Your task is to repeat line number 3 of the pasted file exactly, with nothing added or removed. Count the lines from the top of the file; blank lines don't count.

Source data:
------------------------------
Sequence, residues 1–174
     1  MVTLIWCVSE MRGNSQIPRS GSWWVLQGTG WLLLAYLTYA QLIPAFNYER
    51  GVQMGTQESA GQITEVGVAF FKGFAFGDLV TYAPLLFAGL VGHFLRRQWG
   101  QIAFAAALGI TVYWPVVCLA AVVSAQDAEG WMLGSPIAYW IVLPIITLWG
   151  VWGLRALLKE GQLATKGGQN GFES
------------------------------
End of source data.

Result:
    51  GVQMGTQESA GQITEVGVAF FKGFAFGDLV TYAPLLFAGL VGHFLRRQWG